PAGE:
Trans-tamoxifen (TAM) has been used successfully in therapy for estrogen-dependent human breast tumors and prevention of their recurrence. The mechanism of this prevention was thought to be due to the interference of TAM with estrogen promotion. TAM has a wider anticarcinogenic action that is similar to other chemopreventive agents in that it suppresses tumor promotion in 2-stage carcinogenesis by interfering with the action of protein kinase C. We report that TAM (5 µm) totally inhibits hydrogen peroxide (H2O2) formation by 12-O-tetradecanoyl-phorbol-13-acetate (TPA)-treated human neutrophils. Interestingly, β-estradiol (10 µm) also slightly inhibits the oxidative burst of neutrophils. Petreatment of neutrophils with varying amounts of TAM and β-estradiol caused additive inhibition of H2O2 formation by the 2 agents. 4-Hydroxy-tamoxifen, a metabolite with the highest affinity for the estrogen receptor, was only as inhibitor as β-estradiol. Other derivatives (cis-, N-desmethyl-, and N-desdimethyl-tamoxifen) with low biological activities had a smaller effect on H2O2 formation. TPA-treated neutrophils were shown to contain 5-hydroxymethyl uracil (HMU). TAM prevented the TPA-induced formation of HMU in other cells. Like TPA, dietary fat, which is a risk factor for breast cancer, induces formation of HMU in the DNA of human white blood cells. TAM may suppress the dietary fat-induced HMU in the same manner at it does in TPA-induced neutrophils.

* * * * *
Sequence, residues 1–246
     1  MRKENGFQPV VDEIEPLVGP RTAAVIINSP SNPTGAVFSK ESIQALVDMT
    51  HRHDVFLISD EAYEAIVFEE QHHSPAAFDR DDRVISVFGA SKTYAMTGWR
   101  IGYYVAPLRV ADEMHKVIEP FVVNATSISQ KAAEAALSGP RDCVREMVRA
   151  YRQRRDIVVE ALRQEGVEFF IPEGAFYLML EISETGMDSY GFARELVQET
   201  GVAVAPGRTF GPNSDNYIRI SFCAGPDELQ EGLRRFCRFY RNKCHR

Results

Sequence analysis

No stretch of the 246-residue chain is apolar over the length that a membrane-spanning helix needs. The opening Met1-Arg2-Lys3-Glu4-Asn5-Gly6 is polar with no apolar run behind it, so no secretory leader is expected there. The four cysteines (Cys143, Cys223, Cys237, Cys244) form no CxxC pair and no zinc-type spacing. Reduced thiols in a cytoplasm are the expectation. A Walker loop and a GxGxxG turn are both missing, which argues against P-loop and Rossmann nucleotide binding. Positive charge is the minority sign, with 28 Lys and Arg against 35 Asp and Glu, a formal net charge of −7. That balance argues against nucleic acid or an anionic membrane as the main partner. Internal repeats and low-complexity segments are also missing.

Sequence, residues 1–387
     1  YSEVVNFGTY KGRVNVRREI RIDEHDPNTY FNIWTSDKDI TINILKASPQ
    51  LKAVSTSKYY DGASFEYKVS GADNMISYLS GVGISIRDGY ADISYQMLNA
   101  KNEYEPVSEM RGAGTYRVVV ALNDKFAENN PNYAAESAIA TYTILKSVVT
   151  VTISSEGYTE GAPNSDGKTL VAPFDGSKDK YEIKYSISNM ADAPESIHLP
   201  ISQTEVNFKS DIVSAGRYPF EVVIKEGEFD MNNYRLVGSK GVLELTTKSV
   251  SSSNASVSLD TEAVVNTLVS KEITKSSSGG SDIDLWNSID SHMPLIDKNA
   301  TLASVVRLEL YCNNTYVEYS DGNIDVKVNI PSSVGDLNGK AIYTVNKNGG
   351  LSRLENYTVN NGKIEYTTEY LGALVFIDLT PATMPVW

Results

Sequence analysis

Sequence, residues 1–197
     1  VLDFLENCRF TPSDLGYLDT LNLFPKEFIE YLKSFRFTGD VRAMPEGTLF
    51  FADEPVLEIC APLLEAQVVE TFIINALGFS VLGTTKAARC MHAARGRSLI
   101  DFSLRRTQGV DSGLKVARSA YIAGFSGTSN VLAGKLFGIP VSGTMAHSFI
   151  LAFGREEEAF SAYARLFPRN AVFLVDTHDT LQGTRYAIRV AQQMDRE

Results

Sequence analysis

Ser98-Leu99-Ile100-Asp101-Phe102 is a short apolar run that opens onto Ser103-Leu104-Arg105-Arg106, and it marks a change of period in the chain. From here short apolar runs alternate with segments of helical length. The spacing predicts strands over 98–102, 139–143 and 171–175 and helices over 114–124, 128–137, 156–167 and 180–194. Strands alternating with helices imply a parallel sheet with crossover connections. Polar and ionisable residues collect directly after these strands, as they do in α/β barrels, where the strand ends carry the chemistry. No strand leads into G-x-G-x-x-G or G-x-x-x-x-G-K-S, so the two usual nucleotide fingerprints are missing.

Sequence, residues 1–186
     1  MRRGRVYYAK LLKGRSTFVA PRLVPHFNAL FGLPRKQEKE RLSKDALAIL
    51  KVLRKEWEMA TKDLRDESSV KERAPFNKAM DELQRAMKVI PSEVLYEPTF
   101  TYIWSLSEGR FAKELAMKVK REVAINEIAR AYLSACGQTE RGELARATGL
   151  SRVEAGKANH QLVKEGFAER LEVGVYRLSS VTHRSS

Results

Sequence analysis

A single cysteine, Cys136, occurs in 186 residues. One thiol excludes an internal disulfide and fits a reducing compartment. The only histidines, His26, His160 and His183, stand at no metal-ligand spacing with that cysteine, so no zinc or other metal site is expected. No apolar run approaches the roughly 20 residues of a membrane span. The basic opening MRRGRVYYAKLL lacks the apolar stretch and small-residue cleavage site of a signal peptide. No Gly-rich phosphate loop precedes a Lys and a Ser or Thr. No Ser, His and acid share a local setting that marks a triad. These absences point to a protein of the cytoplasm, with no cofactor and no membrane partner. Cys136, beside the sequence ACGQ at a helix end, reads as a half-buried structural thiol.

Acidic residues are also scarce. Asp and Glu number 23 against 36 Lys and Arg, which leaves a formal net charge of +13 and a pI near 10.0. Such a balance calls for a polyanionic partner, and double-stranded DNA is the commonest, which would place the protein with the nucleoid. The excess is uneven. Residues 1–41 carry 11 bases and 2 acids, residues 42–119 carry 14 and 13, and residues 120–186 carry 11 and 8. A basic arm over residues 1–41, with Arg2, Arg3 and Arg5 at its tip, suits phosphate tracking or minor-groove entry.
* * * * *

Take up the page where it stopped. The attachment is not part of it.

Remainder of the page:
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This work was supported in part by Grant CA 53003 from the National Cancer Institute (its contents are solely the responsibility of the authors and do not necessarily represent the official views of the National Cancer Institute), and by Grants 1 P42 ES 04895 and ES 00260 from the National Institute of Environmental Health Sciences.

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